With all that considered, it’s safe to say that cancelling an artist, by the majority of the Internet’s standards, only happens when the artist no longer does anything for us. When Iggy stopped giving us hits, the criticism intensified and her career slowed. But that doesn’t really do much for the premise of cancel culture, which is to make an example of people by saying “If you do X problematic thing, you will suffer the consequences.”

But that is ultimately a very broad, narrow-minded way to look at holding our artists accountable, and therein lies the inherent problem with ‘cancel culture’ — it’s simply not sustainable. Try as hard as we might, we are never going to be able to hold everyone to exactly the same standard.

It’s naturally much easier to stop supporting someone we casually enjoy as opposed to someone we’ve absolutely loved for years — that’s not anyone’s fault, that’s humanity. Not to mention, trying to hold others, and ourselves, to that standard is doing a complete disservice by us and expecting way too much.

Of course, some people find it easy to cut off support to artists that have done something problematic or offensive — and that’s fine, even admirable. But does that really mean we should condemn those of us who struggle to do the same? On top of that, it’s much easier to criticise someone who you’ve never met, but it’s much trickier to do the same to someone in your circle. There’s love and connection and intimacy in relationships we have with one another that simply don’t exist with artists.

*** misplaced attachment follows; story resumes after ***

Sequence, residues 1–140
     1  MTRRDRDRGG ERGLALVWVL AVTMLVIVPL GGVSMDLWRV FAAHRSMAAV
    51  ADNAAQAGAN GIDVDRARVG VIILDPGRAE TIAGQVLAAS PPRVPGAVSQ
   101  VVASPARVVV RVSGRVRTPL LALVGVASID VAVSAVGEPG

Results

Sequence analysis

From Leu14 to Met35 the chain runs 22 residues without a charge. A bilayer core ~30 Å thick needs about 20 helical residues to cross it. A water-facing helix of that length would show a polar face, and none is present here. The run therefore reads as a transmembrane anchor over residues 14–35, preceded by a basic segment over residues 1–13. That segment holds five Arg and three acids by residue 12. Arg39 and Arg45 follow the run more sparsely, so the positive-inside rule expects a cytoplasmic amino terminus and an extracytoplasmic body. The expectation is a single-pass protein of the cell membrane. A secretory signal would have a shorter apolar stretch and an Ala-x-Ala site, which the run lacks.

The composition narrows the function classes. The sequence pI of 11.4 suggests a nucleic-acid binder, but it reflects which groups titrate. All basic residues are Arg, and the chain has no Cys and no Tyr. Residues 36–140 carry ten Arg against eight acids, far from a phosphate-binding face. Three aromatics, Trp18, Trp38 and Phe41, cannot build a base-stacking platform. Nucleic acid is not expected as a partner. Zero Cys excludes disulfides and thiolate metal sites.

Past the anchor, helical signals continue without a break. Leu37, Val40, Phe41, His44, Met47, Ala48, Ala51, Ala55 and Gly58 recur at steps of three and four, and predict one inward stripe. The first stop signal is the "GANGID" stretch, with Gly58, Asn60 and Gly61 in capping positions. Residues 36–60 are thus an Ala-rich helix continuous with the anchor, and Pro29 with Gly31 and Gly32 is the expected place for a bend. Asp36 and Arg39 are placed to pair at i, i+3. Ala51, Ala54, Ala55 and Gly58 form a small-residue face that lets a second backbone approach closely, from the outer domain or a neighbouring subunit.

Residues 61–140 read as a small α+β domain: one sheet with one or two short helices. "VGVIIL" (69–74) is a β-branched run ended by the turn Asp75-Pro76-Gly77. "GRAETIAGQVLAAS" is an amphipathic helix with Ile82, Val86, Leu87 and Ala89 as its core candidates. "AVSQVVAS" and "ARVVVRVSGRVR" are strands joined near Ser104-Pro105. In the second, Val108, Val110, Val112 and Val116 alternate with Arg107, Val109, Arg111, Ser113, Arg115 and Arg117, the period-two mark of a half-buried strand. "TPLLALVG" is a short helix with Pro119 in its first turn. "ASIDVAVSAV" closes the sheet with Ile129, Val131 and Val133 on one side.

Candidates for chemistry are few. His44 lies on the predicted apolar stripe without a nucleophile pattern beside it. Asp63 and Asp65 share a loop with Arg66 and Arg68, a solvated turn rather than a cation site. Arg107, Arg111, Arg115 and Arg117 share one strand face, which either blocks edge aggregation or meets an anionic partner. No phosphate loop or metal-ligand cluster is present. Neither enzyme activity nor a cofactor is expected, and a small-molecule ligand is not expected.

Above all else, cancel culture largely disables us from looking at celebrities with nuance and context. We become so much more obsessed with the ‘what’ that we can completely ignore the ‘why’. Given, in some cases the ‘why’ is just because that person is a piece of shit — especially when it comes to some abusers, but in others, the ‘why’ can completely shift the lens.

Cancel culture largely disables us from looking at celebrities with nuance and context.

Would Kim Petras work with Dr. Luke if our patriarchal, largely transphobic society didn’t prevent her from working with whoever she pleased? Would Iggy Azalea rap the way she does if those around her — esteemed members of the hip-hop community — hadn’t said it was okay? We expect to be judged with nuance considered, but some of us struggle to do the same with the artists we listen to.

Is what Iggy Azalea did in her career worthy of criticism? Yes. Was it ignorant and offensive? Incredibly. Did she deserve to be cancelled? It depends on who you ask. But one thing that remains crystal clear is that fame is fickle, but cancel culture is ten times worse. It is rife with inconsistencies, with most of us engaging in selective cancellation and disregarding the fact that celebrities, at a base level, are human like the rest of us.

Cancel culture doesn’t allow for growth, despite all of us continuing to grow until we die.

Jackson Langford is a freelance music and culture writer from Newcastle. He is, actually, the realest. He tweets at @jacksonlangford